Shell, Coast Guard continue damage assessment on grounded Kulluk rig
Coast Guard and Shell officials are continuing a damage assessment on the grounded drill vessel Kulluk Friday as plans for moving the vessel to a nearby protected area are developed.
Shell is also doing aerial inspections that will include a deck inspection from the air.
In a situation report issued late Thursday the state Department of Environmental Conservation said a plan to move the Kulluk to a more protected area is being viewed by the Coast Guard and Shell, although it has not yet been approved. Details of the plan were not available.
Meanwhile, a second Emergency Towing System has been landed on the Kulluk, the state DEC said in its report. Also, all fuel tanks on the Kulluk were reported to be intact after an inspection Thursday, the state said.
In another development Smit Salvage has been retained by Shell to head up salvage operations, according to a separate report from the Shell/Coast Guard unified response team.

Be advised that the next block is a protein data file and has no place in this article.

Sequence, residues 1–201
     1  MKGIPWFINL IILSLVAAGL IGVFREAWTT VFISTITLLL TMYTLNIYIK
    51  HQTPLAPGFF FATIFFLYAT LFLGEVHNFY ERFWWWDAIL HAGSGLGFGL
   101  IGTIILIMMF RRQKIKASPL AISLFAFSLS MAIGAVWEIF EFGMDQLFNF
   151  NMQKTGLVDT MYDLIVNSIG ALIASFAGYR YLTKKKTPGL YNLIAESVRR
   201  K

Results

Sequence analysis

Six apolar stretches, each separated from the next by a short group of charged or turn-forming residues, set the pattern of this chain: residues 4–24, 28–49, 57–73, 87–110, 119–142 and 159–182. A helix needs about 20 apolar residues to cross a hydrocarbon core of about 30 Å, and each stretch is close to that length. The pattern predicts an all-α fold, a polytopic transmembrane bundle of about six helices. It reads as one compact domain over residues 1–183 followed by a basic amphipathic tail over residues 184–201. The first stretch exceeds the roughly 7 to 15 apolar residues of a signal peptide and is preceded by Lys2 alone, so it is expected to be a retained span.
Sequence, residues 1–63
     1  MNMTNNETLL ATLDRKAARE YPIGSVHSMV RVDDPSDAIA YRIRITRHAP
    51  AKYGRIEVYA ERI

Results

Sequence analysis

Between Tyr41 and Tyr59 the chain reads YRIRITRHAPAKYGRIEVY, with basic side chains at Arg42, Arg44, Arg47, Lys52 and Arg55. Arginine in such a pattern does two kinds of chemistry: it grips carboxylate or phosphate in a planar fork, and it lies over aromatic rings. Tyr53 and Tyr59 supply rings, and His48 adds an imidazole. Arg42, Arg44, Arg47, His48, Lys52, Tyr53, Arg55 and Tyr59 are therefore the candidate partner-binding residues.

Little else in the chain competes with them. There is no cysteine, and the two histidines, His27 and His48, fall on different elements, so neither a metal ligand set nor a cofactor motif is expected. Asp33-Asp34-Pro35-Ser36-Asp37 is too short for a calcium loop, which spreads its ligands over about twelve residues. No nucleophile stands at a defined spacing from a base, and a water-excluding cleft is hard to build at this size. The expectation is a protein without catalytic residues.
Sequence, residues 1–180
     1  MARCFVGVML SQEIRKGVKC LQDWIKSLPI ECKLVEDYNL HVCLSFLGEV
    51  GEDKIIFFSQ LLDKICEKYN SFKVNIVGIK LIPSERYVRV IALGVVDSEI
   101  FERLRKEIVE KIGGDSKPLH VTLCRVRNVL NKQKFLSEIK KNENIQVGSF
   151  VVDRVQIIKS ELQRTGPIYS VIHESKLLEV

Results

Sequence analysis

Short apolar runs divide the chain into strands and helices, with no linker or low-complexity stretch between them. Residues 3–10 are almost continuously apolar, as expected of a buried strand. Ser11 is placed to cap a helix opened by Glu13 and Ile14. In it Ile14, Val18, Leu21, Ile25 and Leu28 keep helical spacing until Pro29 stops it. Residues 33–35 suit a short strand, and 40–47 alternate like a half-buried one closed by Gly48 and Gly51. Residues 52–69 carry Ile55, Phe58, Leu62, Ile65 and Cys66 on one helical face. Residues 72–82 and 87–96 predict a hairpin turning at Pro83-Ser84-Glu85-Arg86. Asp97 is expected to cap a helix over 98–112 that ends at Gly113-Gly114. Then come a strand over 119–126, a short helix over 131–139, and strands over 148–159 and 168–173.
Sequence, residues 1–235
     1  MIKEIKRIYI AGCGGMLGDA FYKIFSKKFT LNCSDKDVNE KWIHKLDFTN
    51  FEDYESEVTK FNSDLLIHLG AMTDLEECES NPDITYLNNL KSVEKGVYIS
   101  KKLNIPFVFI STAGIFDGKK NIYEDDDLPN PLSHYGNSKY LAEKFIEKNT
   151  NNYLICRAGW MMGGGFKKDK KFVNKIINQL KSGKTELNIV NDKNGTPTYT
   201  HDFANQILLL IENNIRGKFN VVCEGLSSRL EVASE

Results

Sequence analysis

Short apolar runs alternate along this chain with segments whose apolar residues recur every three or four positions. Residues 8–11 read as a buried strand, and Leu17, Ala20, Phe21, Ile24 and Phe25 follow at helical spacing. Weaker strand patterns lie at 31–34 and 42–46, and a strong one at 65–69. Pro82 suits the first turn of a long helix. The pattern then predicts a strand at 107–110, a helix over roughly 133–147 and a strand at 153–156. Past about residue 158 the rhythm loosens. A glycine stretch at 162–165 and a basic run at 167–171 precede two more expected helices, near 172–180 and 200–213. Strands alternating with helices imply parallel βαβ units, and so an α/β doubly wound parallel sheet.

"Smit is a highly experienced salvage company that has assisted in hundreds of operations worldwide including the Selendang Aru salvage that took place off the western coast of Alaska in 2004. It also assisted in the Costa Concordia salvage off the coast of Italy in 2012," Shell and the Coast Guard said in a statement.
In a briefing Thursday a Shell official said the vessel remains upright and shows no sign of movement since grounding the night of Dec. 31.
Sean Churchfield, Shell's Alaska operations manager, also said there is no observed oil sheen or sign of leakage from fuel tanks on the vessel since the grounding.
The salvage team landed on the vessel also found some water damage to the interior due to watertight doors that were breached, he said.
The Kulluk was being towed from Dutch Harbor to the Pacific Northwest for winter maintenance after drilling an exploration well for Shell in the Alaska Beaufort Sea.
It was separated from towlines from tugs in severe weather over the weekend and grounded late Monday.